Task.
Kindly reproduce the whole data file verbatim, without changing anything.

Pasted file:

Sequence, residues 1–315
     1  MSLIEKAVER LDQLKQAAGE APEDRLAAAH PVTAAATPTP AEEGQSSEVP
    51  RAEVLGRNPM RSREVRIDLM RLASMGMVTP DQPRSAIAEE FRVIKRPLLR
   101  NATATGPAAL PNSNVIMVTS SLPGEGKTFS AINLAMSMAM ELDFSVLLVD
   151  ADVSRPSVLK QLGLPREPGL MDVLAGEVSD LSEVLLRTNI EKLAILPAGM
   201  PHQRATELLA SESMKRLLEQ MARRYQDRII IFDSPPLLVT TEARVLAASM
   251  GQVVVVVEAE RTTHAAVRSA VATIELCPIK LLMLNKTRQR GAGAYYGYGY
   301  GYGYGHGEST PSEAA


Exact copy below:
Sequence, residues 1–315
     1  MSLIEKAVER LDQLKQAAGE APEDRLAAAH PVTAAATPTP AEEGQSSEVP
    51  RAEVLGRNPM RSREVRIDLM RLASMGMVTP DQPRSAIAEE FRVIKRPLLR
   101  NATATGPAAL PNSNVIMVTS SLPGEGKTFS AINLAMSMAM ELDFSVLLVD
   151  ADVSRPSVLK QLGLPREPGL MDVLAGEVSD LSEVLLRTNI EKLAILPAGM
   201  PHQRATELLA SESMKRLLEQ MARRYQDRII IFDSPPLLVT TEARVLAASM
   251  GQVVVVVEAE RTTHAAVRSA VATIELCPIK LLMLNKTRQR GAGAYYGYGY
   301  GYGYGHGEST PSEAA